Anywhere you start a business, it's going to be a gamble.
More new businesses fail than succeed, according to the Kauffman Foundation. And U.S. Small Business Administration data shows that it's only a matter of time before at least half of all businesses go under: Nearly two-thirds of businesses with employees survive at least two years, but only about 50 percent survive at least five years.
So it's important to set up in an area where the odds are in your favor. Some cities are more hospitable to business formation than others. Regulatory hurdles, tax rates, ease and cost of hiring, and cost of real estate are just some of the factors. Cities across the country are also dealing with demographic challenges, including population growth, an aging workforce and economic stagnation.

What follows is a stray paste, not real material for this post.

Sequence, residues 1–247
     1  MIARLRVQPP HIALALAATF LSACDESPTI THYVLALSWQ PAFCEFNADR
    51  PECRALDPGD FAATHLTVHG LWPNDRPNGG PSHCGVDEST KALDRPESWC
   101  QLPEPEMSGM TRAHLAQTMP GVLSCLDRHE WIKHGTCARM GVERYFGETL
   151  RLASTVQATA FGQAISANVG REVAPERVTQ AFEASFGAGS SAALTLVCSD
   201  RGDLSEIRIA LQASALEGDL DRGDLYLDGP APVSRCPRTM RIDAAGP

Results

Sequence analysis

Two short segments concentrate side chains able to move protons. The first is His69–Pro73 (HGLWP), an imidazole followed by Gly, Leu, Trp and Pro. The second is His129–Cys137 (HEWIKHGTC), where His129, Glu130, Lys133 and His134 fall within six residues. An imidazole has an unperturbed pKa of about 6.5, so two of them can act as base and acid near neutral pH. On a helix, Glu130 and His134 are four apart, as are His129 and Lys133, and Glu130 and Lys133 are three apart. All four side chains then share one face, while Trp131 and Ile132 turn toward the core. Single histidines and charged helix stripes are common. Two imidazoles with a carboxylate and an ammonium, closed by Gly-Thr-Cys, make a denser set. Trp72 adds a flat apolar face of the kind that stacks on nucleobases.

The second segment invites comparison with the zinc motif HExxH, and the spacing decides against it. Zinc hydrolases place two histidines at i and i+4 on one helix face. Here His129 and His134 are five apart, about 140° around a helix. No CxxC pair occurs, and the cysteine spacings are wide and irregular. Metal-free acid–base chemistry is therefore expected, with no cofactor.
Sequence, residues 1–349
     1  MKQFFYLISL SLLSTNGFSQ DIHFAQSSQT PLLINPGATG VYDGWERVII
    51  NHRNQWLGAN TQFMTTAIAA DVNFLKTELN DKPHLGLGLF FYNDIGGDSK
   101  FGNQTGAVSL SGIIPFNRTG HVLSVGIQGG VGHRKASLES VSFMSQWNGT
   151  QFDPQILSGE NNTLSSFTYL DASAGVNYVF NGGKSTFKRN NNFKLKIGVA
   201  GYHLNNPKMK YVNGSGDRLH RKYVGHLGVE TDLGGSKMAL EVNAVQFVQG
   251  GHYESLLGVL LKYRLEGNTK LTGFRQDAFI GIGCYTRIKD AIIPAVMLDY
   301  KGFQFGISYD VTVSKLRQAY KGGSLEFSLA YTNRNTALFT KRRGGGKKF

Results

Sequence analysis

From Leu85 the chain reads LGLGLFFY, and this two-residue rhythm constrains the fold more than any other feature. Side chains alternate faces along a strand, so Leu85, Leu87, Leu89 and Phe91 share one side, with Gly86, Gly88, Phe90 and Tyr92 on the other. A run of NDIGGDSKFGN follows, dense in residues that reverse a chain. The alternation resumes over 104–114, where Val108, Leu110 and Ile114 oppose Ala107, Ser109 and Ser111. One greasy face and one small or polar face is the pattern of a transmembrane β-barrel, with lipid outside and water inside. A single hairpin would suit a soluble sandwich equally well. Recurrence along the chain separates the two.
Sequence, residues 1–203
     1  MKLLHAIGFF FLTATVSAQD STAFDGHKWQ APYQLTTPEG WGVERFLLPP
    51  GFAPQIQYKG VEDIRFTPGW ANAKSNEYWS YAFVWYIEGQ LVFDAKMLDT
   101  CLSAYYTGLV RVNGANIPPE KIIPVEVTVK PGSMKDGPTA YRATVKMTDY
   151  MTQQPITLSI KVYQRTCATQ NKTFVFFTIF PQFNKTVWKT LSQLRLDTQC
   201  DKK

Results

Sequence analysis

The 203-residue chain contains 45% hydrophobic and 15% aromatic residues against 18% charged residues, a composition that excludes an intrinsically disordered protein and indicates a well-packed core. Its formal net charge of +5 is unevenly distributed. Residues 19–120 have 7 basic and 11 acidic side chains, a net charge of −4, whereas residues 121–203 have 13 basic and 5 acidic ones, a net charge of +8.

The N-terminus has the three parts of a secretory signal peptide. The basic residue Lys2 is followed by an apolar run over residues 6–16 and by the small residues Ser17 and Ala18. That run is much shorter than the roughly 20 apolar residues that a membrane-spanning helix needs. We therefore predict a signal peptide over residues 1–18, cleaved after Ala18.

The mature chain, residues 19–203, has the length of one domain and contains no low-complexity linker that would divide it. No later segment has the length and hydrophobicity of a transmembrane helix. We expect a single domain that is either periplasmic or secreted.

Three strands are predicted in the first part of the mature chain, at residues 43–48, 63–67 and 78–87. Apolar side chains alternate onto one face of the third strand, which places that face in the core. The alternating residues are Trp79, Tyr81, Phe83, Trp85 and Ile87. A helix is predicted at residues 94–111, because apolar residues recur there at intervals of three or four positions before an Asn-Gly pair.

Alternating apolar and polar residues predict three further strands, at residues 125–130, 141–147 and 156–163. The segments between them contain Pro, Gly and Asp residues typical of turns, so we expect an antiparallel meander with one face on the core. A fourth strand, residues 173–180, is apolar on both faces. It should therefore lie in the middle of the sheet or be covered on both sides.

The new CNBC Metro 20: America's Best Places to Start a Business ranking identified metro areas where the likelihood of business success is highest. For that ranking, CNBC reviewed data on the 107 largest metro areas in the United States. Here's a look at the bottom 10 — the metro areas where social, economic and government hurdles to success could plague business owners.